What’s the best breed of rabbit for a first-time owner?

This post may contain affiliate links. Read the full disclosure here.

I need to preface this article with a disclaimer: breed does NOT guarantee temperament. In any animal. For every sweet and loving Lionhead, there’s a total arsehole.

I always advocate getting a rescue rabbit – here’s why

There are SO many rabbits in rescue centres. When we were looking for Holly and Daisy, we came across rabbits of every age, size, and breed.

I would only ever get rabbits from rescues for a couple of reasons:

1 – I don’t really care about temperament. Some rabbits hate to be cuddled, some don’t. I’m not bothered either way, which is why I’m happy to take angry rabbits. Often they’re just scared, and if you leave them be for a few few months, they start accepting the odd nose scratch.

2 – This is selfish, but I like getting rabbits that are already spayed and bonded. It’s just less hassle. The rabbits are more expensive, but it’s to cover vet bills that I’d have to pay later anyway.

Rabbit breeds perfect for a first time rabbit owner


Rex rabbits crop up time and time again as nice, friendly rabbits. They come in a variety of colours, are medium-sized, and are super soft. I’ve fostered one before, and can confirm – they’re really sweet and convivial, and Molly would happily sit on the knee of a total stranger.

Rex rabbits don’t require so much in the way of grooming – though they look really weird when they’re moulting – but they can suffer from sore hocks, so make sure the floor oftheir set up is nice and soft.

I’m sure there are some angry rex rabbits out there, but I don’t think I’ve heard of any. They still don’t like being picked up – very few rabbits do. They do seem to have a track record of actually liking kids. Most rabbits will tolerate them, some hate them, but rex rabbits seem to like them. It’s the same with beagles. Animals are weird.


I have a soft spot for Dutch rabbits. They have a lot of personality, and they’re intelligent and sweet. I have had one that was an arse, and then mellowed with age. I’ve found that they get friendlier the more attention they get, and more feral if they get ignored (true of most rabbits), but Dutches can take a while to trust you.

I’ve not ignored my rabbits, but I’ve had Dutches that was neglected for 18 months, and it took them a while to come round.

Obviously this is only my experience. If you Google ‘are Dutch rabbits friendly?’ you get a variety of answers, and it’s hard to judge a rabbit’s friendliness if you don’t know what the caregiver was expected. If you pick up even the friendliest rabbit, it may try to bite or scratch you.

Mini lop

Mini lops are small and cute. They have medium-long fur that would require brushing, but not frequently – monthly would be fine.

Lops in general can suffer a few more health problems than non-lop rabbits –

1 – because their ear canals tend to be smaller, and they can infections easily, and

2 – because they’ve been more narrowly bred than non-lops (in general – this isn’t a hard and fast rule), so they’re a wee bit more inbred.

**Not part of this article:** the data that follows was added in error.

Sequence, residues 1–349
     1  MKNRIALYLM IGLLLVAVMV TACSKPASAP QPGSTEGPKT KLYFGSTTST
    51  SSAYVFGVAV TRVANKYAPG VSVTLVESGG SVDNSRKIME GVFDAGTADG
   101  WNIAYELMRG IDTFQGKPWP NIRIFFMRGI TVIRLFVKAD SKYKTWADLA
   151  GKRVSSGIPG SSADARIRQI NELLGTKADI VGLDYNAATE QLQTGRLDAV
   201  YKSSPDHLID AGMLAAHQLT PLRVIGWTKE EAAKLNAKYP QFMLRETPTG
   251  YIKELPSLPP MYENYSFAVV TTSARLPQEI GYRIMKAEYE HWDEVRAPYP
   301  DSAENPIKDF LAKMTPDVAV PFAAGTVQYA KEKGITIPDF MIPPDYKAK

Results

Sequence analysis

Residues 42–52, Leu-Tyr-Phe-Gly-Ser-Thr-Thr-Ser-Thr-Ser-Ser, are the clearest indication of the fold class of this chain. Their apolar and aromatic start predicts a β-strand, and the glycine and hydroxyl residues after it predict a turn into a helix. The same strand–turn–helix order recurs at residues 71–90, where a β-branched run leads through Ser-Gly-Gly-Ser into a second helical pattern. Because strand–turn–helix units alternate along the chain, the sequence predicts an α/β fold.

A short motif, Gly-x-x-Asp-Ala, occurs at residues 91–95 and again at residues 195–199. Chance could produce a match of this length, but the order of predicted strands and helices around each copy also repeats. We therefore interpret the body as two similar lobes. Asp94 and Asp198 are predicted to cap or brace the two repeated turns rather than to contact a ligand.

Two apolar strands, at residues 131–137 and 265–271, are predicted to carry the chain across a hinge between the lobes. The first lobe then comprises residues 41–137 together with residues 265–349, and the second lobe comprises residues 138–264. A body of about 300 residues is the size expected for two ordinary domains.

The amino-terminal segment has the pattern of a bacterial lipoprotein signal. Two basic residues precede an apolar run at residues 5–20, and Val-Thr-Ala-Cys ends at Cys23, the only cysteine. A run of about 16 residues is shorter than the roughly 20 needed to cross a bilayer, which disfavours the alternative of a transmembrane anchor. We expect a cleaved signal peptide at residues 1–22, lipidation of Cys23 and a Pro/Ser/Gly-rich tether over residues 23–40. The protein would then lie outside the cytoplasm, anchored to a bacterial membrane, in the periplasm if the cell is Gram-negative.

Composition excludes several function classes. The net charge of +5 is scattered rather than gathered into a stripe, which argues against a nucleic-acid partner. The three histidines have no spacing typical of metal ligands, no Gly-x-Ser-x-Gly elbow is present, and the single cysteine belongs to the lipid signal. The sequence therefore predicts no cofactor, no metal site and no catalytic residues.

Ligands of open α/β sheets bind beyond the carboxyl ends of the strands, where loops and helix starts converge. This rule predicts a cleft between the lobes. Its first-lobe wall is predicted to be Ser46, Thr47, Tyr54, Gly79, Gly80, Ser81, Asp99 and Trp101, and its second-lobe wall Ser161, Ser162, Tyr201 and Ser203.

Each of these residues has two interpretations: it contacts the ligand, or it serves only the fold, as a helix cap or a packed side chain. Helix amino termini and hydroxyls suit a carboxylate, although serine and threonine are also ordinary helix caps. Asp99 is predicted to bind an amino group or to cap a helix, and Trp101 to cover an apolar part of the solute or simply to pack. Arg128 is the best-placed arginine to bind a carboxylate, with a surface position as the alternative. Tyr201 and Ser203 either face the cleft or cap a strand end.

The lop rabbits I’ve had have required more frequent ear cleaning, and they often get dental problems later in life. I’m not saying that this is the case for all lops, but it’s something to think about.


Ah, lionheads.

I had a lionhead a long time ago, and he was really sweet. They’re generally described as friendly and non-aggressive, but they’re also very headstrong. It’s something I see a lot of in rabbit Facebook groups – lionheads are SASSY.

This isn’t a problem for me – I love a sassy rabbit – but if you’re after something that’s just a cute snuggle bug, then you might be better off with a Dutch or mini lop.

I’m going to remind you again that breed doesn’t dictate temperament, but…I’ve seen a lot of sassy lionheads.


English rabbits are the white ones with black spots. In temperament, they seem to be very similar to Dutch rabbits.

Bear in mind that English rabbits are thought to have been bred from giant breeds, so you do occasionally get enormous ones. Big rabbits are cool though.


Harlequins seem to be pretty popular in pet shops at the moment – they are pretty small and cute though.

I fostered a harlequin for a few months last year and he was gorgeous – super friendly and cute, and desperate to be friends with my 10-year old German lop who hated his guts.

He was a dump job (my boyfriend found him outside his work) so I don’t know what his crime was, but I know he didn’t really like to be cuddled.

Rabbit breeds renowned for being sassy

French lop

Netherland dwarf

Rabbit breeds that require a lot of extra care


I’ve never had an Angora rabbit, but prepare to do a lot of grooming. There are also really furry breeds like Jersey Wooly which will also require you to spend a lot of time with a brush in your hand.

Final thoughts on rabbit breeds for first-time rabbit parents

In all honesty, I don’t think you need to worry too much about the breed, so long as you know the kind of size you’re looking for. We’ve always picked out a rabbit first and then researched the breed later.

The benefit of getting a rabbit from a rescue is that the employees will be able to tell you more about the rabbit’s temperament than googling the breed of the rabbit ever will.

Oh, and if you’re getting a giant breed, make sure you know what you’re letting yourself in for. Some of them are freaking enormous, and they eat A LOT.

Leave a Comment